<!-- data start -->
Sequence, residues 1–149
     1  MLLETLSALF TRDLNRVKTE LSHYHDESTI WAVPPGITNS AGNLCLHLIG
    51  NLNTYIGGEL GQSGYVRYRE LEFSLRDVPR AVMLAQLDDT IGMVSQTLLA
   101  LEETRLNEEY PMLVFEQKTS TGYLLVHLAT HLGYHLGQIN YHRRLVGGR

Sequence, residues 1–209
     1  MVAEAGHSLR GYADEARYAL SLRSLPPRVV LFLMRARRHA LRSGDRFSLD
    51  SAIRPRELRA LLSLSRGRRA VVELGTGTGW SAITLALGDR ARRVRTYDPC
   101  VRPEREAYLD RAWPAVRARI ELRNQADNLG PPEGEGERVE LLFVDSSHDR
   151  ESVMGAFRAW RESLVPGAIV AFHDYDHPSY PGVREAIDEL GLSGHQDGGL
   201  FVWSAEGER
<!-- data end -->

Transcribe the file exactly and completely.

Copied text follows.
Sequence, residues 1–149
     1  MLLETLSALF TRDLNRVKTE LSHYHDESTI WAVPPGITNS AGNLCLHLIG
    51  NLNTYIGGEL GQSGYVRYRE LEFSLRDVPR AVMLAQLDDT IGMVSQTLLA
   101  LEETRLNEEY PMLVFEQKTS TGYLLVHLAT HLGYHLGQIN YHRRLVGGR

Sequence, residues 1–209
     1  MVAEAGHSLR GYADEARYAL SLRSLPPRVV LFLMRARRHA LRSGDRFSLD
    51  SAIRPRELRA LLSLSRGRRA VVELGTGTGW SAITLALGDR ARRVRTYDPC
   101  VRPEREAYLD RAWPAVRARI ELRNQADNLG PPEGEGERVE LLFVDSSHDR
   151  ESVMGAFRAW RESLVPGAIV AFHDYDHPSY PGVREAIDEL GLSGHQDGGL
   201  FVWSAEGER